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|Title:||Mutational analysis of protein substrate presentation in the post-translational attachment of biotin to biotin domains|
Cronan Jr., J.
|Citation:||Journal of Biological Chemistry, 2001; 276(5):3037-3045|
|Publisher:||Amer Soc Biochemistry Molecular Biology Inc|
|Steven W. Polyak, Anne Chapman-Smith, Terrence D. Mulhern, John E. Cronan, Jr., and John C. Wallace|
|Abstract:||Biotinylation in vivo is an extremely selective post-translational event where the enzyme biotin protein ligase (BPL) catalyzes the covalent attachment of biotin to one specific and conserved lysine residue of biotin-dependent enzymes. The biotin-accepting lysine, present in a conserved Met-Lys-Met motif, resides in a structured domain that functions as the BPL substrate. We have employed phage display coupled with a genetic selection to identify determinants of the biotin domain (yPC-104) of yeast pyruvate carboxylase 1 (residues 1075-1178) required for interaction with BPL. Mutants isolated using this strategy were analyzed by in vivo biotinylation assays performed at both 30 °C and 37 °C. The temperature-sensitive substrates were reasoned to have structural mutations, leading to compromised conformations at the higher temperature. This interpretation was supplemented by molecular modeling of yPC-104, since these mutants mapped to residues involved in defining the structure of the biotin domain. In contrast, substitution of the Met residue N-terminal to the target lysine with either Val or Thr produced mutations that were temperature-insensitive in the in vivo assay. Furthermore, these two mutant proteins and wild-type yPC-104 showed identical susceptibility to trypsin, consistent with these substitutions having no structural effect. Kinetic analysis of enzymatic biotinylation using purified Met Thr/Val mutant proteins with both yeast and Escherichia coli BPLs revealed that these substitutions had a strong effect upon Km values but not kcat. The Met → Thr mutant was a poor substrate for both BPLs, whereas the Met → Val substitution was a poor substrate for bacterial BPL but had only a 2-fold lower affinity for yeast BPL than the wild-type peptide. Our data suggest that substitution of Thr or Val for the Met N-terminal of the biotinyl-Lys results in mutants specifically compromised in their interaction with BPL.|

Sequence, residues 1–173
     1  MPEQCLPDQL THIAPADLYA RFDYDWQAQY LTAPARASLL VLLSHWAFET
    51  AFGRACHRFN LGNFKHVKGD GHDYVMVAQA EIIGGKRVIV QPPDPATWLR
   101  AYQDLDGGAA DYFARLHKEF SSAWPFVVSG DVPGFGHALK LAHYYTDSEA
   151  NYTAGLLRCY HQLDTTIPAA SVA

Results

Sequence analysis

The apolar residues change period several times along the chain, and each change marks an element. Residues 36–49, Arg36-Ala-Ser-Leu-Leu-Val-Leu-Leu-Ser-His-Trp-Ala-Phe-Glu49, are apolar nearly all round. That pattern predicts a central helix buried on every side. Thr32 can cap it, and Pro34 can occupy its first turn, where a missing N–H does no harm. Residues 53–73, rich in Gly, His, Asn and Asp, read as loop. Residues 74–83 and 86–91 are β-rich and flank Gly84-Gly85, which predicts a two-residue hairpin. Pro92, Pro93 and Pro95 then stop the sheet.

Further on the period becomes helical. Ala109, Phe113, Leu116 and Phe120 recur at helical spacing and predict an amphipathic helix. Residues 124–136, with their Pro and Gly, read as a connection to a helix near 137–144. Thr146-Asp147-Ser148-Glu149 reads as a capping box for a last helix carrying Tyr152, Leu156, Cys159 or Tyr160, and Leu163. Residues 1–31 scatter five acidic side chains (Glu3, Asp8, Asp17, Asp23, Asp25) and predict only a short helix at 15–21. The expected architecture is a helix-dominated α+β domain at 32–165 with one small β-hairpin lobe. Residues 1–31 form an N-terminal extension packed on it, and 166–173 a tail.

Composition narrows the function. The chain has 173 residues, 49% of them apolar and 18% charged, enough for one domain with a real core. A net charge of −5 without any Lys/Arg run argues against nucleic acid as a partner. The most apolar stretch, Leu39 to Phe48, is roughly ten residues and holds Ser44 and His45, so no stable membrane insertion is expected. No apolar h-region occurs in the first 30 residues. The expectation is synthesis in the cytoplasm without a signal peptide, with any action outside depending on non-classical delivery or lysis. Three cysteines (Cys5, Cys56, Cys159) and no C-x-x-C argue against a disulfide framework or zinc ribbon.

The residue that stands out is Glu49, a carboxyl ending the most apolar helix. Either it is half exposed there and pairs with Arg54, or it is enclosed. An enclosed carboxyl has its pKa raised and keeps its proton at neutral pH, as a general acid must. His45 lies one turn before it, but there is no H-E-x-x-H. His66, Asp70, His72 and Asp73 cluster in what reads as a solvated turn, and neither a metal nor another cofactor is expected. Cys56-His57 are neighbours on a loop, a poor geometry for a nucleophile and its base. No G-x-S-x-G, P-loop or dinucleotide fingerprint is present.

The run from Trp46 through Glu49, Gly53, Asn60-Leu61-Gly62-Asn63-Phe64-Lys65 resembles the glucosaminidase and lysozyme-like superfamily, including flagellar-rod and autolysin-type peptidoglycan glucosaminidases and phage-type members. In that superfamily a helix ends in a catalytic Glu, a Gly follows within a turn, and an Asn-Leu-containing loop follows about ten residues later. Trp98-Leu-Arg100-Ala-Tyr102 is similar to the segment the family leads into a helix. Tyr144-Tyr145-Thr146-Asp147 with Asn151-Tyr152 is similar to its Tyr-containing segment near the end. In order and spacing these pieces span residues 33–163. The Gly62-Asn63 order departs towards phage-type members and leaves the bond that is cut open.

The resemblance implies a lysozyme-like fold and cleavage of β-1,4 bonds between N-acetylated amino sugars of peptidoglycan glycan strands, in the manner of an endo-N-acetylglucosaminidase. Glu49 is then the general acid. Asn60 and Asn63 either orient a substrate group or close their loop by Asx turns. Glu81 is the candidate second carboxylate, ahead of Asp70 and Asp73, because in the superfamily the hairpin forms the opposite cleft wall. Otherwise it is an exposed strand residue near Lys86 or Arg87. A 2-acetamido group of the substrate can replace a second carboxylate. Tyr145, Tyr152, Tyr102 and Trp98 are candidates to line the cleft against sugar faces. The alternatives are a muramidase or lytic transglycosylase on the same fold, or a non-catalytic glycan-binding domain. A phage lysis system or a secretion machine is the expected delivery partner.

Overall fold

|Keywords:||Saccharomyces cerevisiae; Biotin; Trypsin; Pyruvate Carboxylase; Carbon-Nitrogen Ligases; Peptide Fragments; Peptide Library; Bacterial Proteins; Escherichia coli Proteins; Transcription Factors; Repressor Proteins; Amino Acid Substitution; Biotinylation; DNA Mutational Analysis; Temperature; Protein Processing, Post-Translational; Amino Acid Sequence; Protein Conformation; Sequence Homology, Amino Acid; Kinetics; Models, Molecular; Molecular Sequence Data|
|Description:||Copyright © 2007 by the American Society for Biochemistry and Molecular Biology.|
|Appears in Collections:||Molecular and Biomedical Science publications|
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